College sports players are in some of the most envious positions on campus. Their tuitions are paid for by the university, their social status is usually cemented as popular and they get to play the games and compete in the sports they love to play.
Not to take away the pressure they feel, the grueling hours of practice they endure and some of the restrictions set upon them by their coaches, but the prospect of attending school for free, on a scholarship, would be enough for most ‘regular’ college students to straighten up and fly right.
But in the most recent allegations brought against college athletes, nine Millersville football players have been accused of sexual assault. Officials have said players leased the apartment the alleged assault occurred in. The players have been banned from football-related activities at the Division-II program.
Earlier in the year, Penn State experienced their own trials with some of their players. Six of the Nittany Lions football players, including two of their stars, got entangled with the law. One player allegedly engaged in a melee after confronting with a female. They turned themselves in.
In one of the most publicized cases, the Duke lacrosse team and their sexual assault charges were tracked by the national media. The charges were dropped and now the players are seeking financial compensation.
Then, of course, there is the case at Baylor, where things got fatal. Carlton Dotson was convicted of murdering his own teammate, Patrick Dennehy. Dotson’s collegiate, athletic and scholastic career was ended prematurely as he was sentenced to 35 years in prison.
There has to be a silver lining.
College athletes are still students, but above all, they are human. They are still subject to make mistakes and fall victims to the pitfalls in life. No one is exempt from those, no matter how physically gifted and talented the athlete may be.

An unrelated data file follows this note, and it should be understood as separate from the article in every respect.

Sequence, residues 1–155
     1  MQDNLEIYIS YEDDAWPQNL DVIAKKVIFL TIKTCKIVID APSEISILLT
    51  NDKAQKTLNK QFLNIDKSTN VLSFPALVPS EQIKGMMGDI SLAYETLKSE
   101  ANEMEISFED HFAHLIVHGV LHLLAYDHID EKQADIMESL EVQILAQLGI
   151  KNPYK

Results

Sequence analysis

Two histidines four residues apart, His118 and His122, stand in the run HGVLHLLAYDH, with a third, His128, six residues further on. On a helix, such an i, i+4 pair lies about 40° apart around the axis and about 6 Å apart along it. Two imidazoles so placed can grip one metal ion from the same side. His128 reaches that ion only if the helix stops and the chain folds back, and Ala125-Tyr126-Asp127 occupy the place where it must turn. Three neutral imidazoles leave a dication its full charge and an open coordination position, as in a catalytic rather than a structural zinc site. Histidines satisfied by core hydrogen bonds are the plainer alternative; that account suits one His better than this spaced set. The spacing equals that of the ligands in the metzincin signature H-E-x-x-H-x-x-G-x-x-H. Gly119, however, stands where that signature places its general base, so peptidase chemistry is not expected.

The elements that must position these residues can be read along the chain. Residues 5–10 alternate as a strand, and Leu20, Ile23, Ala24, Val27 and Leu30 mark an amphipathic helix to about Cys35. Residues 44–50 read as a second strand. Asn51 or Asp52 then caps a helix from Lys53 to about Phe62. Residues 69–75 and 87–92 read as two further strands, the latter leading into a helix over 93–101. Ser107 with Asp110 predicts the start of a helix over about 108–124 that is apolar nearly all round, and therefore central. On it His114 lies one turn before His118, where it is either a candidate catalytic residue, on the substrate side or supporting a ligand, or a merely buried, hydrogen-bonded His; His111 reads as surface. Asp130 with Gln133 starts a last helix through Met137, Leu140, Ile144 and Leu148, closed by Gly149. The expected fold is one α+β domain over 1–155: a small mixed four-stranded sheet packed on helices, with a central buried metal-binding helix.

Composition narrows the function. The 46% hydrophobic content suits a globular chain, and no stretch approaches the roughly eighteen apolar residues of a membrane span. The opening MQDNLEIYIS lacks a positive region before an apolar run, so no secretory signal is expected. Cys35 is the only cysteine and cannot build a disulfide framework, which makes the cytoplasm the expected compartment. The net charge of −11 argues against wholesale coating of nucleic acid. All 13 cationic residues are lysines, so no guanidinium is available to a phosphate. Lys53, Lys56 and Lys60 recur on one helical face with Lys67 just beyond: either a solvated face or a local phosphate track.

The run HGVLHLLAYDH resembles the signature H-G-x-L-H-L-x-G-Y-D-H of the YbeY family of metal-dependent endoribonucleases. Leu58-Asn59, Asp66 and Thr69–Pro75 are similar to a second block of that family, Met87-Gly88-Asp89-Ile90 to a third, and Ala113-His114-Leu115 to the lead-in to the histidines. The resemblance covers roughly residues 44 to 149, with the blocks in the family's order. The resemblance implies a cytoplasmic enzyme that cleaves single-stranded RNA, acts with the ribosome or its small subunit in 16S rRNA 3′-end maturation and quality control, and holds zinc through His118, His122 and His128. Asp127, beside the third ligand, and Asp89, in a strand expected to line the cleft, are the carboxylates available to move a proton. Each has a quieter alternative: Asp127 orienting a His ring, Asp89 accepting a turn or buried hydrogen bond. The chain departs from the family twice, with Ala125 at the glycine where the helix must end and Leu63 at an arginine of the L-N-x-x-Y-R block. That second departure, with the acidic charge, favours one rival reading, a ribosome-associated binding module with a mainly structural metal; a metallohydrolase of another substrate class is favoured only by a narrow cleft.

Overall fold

A concrete reason cannot be given as to the exact reasons why these players are accused of the charges.
One can only speculate.
Maybe all of the attention and the press and the spotlight contribute to the athlete’s issues with the law.
Maybe the athlete’s upbringing is a factor.
Or maybe it is simply a place of wrong person, wrong place and wrong time. And they just happen to play football and represent their university. And have their education paid for by taxpayers.
Temple hasn’t dealt with these altercations with their athletes. Perhaps the athletes are doing their part and staying away from negative situations.
Is there a hazing element involved? Perhaps there is.
A marching band – yes, you read that right, a marching band – allegedly participated in hazing last year. The band at Wisconsin, which had 300 members at the time, was punished because, among other things, a member felt pressured to shave his head against his will.
A previous study by Alfred University reported that 80 percent of college athletes have been hazed, but the majority of the incidents go unreported.
So, maybe that is the silver lining – that silence is golden.
Terrance McNeil can be reached at Terrance.Mcneill@temple.edu.